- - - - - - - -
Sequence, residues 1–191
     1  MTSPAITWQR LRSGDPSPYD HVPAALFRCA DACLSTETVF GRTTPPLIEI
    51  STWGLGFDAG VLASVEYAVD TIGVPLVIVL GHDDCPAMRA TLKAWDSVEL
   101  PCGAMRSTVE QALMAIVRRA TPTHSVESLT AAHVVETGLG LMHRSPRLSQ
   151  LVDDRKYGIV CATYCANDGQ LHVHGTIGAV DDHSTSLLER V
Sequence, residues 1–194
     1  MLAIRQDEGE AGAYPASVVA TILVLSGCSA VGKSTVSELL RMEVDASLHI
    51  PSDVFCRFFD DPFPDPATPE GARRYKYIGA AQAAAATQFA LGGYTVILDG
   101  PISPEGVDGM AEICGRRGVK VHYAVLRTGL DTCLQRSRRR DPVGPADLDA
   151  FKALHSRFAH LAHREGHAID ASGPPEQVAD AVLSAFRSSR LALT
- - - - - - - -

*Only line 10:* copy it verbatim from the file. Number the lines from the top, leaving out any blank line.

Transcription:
   151  FKALHSRFAH LAHREGHAID ASGPPEQVAD AVLSAFRSSR LALT